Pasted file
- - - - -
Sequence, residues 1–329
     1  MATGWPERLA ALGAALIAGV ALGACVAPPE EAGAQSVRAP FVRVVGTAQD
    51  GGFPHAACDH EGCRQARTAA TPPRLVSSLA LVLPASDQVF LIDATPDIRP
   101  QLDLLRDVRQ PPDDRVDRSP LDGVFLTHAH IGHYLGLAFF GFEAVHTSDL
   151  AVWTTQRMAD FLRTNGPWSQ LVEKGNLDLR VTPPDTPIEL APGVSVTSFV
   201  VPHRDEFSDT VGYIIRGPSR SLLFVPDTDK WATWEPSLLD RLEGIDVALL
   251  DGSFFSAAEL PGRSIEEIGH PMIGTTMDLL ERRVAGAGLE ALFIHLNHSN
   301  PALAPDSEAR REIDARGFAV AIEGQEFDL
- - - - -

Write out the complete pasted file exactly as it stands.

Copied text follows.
Sequence, residues 1–329
     1  MATGWPERLA ALGAALIAGV ALGACVAPPE EAGAQSVRAP FVRVVGTAQD
    51  GGFPHAACDH EGCRQARTAA TPPRLVSSLA LVLPASDQVF LIDATPDIRP
   101  QLDLLRDVRQ PPDDRVDRSP LDGVFLTHAH IGHYLGLAFF GFEAVHTSDL
   151  AVWTTQRMAD FLRTNGPWSQ LVEKGNLDLR VTPPDTPIEL APGVSVTSFV
   201  VPHRDEFSDT VGYIIRGPSR SLLFVPDTDK WATWEPSLLD RLEGIDVALL
   251  DGSFFSAAEL PGRSIEEIGH PMIGTTMDLL ERRVAGAGLE ALFIHLNHSN
   301  PALAPDSEAR REIDARGFAV AIEGQEFDL